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Libtayo® with chemotherapy trial stopped early due to success

Phase III trial of Libtayo® (cemiplimab) combined with chemotherapy stops early due to significant improvement in overall survival in lung cancer patients.

Lung scan

The Phase III trial of Sanofi and Regeneron’s PD-1 inhibitor Libtayo® (cemiplimab) in combination with platinum-doublet chemotherapy was stopped early after meeting its overall survival (OS) primary endpoint in patients with advanced non-small cell lung cancer (NSCLC). Specifically, the combined Libtayo and chemotherapy treatment increased median OS from 13 to 22 months, leading to a 29 percent reduction in the risk of death.

The randomised, multi-centre Phase III trial, called EMPOWER-Lung 3, investigated a first-line combination treatment of Libtayo and platinum-doublet chemotherapy, compared to platinum-doublet chemotherapy alone, in squamous or non-squamous advanced NSCLC irrespective of PD-L1 expression. The trial included 466 patients who tested negative for ALK, EGFR and ROS1 mutations and had either previously untreated metastatic NSCLC (stage IV) or locally advanced NSCLC (stage IIIb/c) and were not candidates for definitive chemoradiation.

Patients were randomized 2:1 to receive either Libtayo 350mg or placebo-administered intravenously every three weeks for 108 weeks, plus platinum-doublet chemotherapy administered every three weeks for four cycles. The co-primary endpoints were OS and progression-free survival, and key secondary endpoints included objective response rate (ORR) and best overall response.

Adding Libtayo to chemotherapy significantly improved OS compared to chemotherapy alone in the trial that enrolled patients with metastatic or locally advanced disease and tumours with either squamous or non-squamous histology and across all PD-L1 expression levels. These data are planned to form the basis of regulatory submissions in the US and European Union (EU).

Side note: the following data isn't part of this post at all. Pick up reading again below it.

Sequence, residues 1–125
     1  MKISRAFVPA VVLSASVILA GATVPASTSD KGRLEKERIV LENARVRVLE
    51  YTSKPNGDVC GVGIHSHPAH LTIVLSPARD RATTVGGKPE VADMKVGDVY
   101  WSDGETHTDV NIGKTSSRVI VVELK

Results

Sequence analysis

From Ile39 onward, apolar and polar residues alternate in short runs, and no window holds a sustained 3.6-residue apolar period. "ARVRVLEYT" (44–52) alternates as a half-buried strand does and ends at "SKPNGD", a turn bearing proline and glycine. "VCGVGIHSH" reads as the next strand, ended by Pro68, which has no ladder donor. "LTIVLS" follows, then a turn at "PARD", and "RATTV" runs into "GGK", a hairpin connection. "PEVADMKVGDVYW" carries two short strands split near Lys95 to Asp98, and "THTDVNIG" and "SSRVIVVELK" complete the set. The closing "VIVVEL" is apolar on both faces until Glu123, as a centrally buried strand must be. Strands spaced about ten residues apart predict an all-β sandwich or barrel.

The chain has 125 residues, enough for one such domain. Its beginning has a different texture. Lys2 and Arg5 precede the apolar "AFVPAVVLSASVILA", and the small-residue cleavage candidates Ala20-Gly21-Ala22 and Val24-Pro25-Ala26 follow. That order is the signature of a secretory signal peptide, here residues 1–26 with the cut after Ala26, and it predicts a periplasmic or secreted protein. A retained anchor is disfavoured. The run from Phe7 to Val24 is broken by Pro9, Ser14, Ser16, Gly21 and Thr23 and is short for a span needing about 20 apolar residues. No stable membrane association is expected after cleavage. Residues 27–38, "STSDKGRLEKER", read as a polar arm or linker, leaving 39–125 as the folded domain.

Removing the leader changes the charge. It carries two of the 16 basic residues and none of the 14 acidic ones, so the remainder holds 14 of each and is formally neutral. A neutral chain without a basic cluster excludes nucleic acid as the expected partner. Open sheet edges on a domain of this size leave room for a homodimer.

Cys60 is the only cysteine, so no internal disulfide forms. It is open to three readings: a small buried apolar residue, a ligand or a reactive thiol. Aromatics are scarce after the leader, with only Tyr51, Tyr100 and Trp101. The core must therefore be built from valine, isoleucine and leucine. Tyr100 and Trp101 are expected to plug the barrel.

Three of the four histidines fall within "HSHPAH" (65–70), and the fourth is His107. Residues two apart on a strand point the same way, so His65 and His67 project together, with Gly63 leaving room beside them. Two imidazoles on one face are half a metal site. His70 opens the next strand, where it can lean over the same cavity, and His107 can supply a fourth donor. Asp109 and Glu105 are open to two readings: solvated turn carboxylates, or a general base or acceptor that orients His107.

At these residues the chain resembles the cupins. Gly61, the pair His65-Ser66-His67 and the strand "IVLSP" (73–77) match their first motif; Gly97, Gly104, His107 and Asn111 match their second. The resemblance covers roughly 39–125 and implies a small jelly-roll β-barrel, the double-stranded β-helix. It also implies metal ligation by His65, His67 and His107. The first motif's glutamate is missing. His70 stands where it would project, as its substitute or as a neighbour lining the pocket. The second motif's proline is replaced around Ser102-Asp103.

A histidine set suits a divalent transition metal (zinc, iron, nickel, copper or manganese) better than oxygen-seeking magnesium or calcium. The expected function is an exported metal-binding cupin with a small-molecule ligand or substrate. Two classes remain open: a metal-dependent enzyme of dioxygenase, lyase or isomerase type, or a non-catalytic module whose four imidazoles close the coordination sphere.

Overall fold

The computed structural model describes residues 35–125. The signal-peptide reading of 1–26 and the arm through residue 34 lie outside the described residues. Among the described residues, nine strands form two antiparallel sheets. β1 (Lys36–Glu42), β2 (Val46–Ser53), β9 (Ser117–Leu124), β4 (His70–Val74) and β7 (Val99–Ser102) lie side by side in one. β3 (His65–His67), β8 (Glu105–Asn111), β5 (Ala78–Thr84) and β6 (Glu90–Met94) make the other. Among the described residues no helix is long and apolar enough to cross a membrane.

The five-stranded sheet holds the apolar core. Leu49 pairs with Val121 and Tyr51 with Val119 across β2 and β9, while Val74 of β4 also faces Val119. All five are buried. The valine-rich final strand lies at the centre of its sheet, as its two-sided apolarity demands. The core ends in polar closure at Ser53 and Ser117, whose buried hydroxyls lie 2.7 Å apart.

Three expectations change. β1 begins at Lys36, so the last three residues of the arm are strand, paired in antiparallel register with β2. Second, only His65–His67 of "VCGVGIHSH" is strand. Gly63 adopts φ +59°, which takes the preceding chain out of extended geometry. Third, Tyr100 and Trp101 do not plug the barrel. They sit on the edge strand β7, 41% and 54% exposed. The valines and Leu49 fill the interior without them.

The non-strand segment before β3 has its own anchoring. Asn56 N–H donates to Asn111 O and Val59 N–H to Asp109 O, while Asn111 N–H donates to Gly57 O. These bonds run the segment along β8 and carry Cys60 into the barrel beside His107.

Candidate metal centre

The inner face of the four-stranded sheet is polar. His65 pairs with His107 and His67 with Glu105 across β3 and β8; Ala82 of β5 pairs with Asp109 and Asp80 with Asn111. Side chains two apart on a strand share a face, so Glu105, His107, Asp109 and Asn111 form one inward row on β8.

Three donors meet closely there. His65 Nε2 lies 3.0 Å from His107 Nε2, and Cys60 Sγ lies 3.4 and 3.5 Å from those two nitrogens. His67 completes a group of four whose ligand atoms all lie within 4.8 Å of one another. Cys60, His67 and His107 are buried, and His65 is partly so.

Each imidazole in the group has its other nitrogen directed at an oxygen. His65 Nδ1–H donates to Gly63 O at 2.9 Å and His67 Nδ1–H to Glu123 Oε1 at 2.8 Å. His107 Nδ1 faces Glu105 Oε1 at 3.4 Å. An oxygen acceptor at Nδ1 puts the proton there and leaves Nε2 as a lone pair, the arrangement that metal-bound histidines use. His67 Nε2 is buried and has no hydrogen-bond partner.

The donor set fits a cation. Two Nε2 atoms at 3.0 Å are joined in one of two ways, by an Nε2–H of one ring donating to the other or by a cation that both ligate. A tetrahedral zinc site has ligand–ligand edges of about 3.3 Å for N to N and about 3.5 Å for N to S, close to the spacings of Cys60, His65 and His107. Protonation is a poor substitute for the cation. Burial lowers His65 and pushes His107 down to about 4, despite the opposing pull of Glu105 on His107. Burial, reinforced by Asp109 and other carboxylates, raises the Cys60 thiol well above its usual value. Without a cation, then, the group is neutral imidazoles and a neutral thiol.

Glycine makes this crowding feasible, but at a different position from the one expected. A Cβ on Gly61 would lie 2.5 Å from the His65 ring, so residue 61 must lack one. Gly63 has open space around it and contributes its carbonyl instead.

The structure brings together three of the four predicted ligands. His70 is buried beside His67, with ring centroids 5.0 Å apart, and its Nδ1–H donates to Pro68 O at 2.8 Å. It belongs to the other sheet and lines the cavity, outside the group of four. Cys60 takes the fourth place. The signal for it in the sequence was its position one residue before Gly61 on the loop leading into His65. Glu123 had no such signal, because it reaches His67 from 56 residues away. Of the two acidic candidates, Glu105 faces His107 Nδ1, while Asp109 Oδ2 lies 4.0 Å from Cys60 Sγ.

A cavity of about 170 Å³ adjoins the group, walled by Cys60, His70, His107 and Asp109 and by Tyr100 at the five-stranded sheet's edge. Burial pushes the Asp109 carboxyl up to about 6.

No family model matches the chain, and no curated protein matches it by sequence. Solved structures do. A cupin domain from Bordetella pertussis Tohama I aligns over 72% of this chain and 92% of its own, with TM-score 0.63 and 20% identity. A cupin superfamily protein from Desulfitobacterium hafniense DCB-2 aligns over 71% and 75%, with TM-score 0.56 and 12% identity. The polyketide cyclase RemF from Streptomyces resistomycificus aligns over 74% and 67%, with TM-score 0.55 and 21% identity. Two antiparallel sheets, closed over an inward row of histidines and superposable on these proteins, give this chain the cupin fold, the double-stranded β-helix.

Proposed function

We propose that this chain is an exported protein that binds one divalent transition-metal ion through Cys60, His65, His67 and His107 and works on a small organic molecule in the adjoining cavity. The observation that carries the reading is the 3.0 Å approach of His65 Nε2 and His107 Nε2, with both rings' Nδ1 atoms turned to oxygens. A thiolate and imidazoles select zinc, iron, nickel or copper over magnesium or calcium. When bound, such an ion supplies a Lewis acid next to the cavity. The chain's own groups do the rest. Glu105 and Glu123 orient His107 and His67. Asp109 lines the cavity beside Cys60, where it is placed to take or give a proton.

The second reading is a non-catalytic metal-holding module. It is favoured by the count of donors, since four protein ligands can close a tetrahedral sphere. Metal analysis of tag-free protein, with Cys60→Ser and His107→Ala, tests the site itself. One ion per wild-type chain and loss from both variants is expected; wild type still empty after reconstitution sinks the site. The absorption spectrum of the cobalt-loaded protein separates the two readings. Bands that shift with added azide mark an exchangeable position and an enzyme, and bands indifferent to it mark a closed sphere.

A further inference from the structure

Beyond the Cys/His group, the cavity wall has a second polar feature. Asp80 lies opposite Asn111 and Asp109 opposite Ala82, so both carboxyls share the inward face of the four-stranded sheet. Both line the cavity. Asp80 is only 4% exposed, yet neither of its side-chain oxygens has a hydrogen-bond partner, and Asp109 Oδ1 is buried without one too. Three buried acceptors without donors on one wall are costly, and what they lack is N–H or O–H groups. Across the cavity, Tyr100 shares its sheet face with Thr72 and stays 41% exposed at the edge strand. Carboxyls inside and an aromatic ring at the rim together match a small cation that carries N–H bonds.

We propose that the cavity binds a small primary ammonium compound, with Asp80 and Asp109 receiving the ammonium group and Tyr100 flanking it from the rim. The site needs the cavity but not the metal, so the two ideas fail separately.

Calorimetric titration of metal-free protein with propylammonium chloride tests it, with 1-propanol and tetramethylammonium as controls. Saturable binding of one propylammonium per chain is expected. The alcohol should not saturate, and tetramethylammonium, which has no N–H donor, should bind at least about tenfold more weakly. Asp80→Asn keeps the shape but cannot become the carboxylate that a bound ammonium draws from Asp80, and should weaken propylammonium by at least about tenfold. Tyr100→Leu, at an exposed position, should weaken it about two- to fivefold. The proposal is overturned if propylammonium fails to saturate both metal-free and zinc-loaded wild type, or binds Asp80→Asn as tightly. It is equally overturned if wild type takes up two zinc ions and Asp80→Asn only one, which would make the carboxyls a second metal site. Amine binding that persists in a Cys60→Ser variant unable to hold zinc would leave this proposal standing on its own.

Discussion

“Libtayo in combination with chemotherapy increased median overall survival to 22 months in patients with advanced non-small cell lung cancer, compared to 13 months with chemotherapy alone,” said trial investigator Miranda Gogishvili. “Notably, the Phase 3 trial enrolled patients with a variety of challenging-to-treat disease characteristics, as well as those with locally advanced disease. These data add to the growing body of evidence supporting Libtayo in advanced non-small cell lung cancer, which also include the pivotal results for Libtayo monotherapy in cases of high PD-L1 expression.”

The decision to stop the trial early was based on a recommendation by the Independent Data Monitoring Committee (IDMC) during a protocol-specified interim analysis. No new Libtayo safety signals were identified in the IDMC analysis, and additional detailed efficacy and safety data will be presented at an upcoming medical meeting.

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